Digital transformation isn’t just about getting different technology systems or establishing a new infrastructure solely for the sake of efficiency and profits. The deeper purpose of digital transformation is to use that technology system or infrastructure to explore, do new things, and enable the best ideas to come to fruition for your customers’ end benefit

Roughly half of professionals (51 percent) view culture as holding them back when it comes to digital transformation, with 26 percent identifying issues like entrenched viewpoints as problematic. The more your team feels supported, connected, and able to explore, the easier it likely will be for them to embrace digital transformation confidently as a pathway for turning concepts into reality together. Ask yourself if you’re creating an environment that continuously sparks new ideas, delivers new skills, and promotes collaboration.

4. Navigate the new normal and define new ways of working

People can’t deliver or adapt well if they don’t even know that the expectations are. Clarify exactly what you want, what it means for both your company and industry and how that affects the typical workday. At the same time, make sure you give your team the resources and directions necessary to take each step. They should feel challenged rather than lost, and they should understand how to navigate the difficulties that might arise.

Related: Why You Should Speed Up Your Digital Transformation During the Crisis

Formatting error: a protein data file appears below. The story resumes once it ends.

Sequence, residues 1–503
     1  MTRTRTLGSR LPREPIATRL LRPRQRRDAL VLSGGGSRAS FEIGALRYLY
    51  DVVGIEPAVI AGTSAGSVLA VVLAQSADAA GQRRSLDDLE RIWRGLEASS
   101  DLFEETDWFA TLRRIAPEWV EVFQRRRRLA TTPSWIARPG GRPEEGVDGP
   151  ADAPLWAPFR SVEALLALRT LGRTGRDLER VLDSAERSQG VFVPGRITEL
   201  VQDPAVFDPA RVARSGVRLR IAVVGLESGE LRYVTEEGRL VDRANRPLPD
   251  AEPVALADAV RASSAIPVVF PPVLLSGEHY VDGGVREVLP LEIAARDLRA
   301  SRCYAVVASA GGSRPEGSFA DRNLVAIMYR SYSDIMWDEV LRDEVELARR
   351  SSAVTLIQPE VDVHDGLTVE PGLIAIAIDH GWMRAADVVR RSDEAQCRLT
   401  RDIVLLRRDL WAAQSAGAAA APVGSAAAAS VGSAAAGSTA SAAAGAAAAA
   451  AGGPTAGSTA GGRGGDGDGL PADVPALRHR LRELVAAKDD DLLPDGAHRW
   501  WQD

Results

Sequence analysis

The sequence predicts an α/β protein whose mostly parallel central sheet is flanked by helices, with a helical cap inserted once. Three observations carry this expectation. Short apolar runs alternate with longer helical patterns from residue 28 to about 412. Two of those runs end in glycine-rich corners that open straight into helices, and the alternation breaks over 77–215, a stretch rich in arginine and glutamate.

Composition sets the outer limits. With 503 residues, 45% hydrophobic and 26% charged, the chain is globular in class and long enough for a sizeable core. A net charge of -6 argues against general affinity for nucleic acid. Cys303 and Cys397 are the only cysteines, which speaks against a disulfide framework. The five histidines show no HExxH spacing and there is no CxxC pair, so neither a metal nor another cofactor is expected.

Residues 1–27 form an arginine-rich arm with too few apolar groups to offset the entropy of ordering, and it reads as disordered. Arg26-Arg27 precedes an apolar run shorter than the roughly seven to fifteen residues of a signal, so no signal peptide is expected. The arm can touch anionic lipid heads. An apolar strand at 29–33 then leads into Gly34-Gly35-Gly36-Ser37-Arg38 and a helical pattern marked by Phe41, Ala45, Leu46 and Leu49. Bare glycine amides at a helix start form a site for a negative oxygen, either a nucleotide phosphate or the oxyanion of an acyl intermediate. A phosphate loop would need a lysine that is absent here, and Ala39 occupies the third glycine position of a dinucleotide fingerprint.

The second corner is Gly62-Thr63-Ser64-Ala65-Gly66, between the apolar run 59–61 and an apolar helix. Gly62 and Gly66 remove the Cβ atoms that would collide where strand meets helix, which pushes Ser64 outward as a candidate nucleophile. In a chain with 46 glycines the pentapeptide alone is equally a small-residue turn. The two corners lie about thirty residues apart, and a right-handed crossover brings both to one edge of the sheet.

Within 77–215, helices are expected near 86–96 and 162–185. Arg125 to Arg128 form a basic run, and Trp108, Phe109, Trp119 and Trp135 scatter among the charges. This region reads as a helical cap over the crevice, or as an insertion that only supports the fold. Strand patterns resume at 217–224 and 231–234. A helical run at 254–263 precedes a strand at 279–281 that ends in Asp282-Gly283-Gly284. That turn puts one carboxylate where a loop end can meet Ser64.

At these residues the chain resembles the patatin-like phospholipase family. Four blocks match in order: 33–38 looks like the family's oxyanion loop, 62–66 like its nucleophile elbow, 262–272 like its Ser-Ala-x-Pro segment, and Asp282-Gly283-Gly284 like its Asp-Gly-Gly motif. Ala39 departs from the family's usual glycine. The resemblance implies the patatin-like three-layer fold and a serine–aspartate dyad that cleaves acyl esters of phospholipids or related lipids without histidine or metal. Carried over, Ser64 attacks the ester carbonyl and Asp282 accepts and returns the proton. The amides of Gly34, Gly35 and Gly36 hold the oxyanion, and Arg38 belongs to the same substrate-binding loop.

Additional tips for a successful (and accelerated) digital transformation

Looking at the above four points, getting through a rapid digital transformation is much easier if your business structure, goals, people, and other elements support taking risks and moving at an accelerated pace for . Some perspectives on this offer the following five best practices:

  • Start from the top. Leaders should show they’re on board with the shifts and demonstrate faith in the team’s ability to adapt successfully. 

  • Make sure the change is necessary and desirable. Proper analysis and testing your ideas can ensure that they are fully discussed and make good business sense. That, in turn, makes shifts easier for your team to support.

  • Minimize disruption. Workers are more likely to feel good about digital transformation if they can continue to perform their daily roles successfully throughout the changes. 

  • Promote communication. Transparent, candid conversations help people feel valued and understand next steps.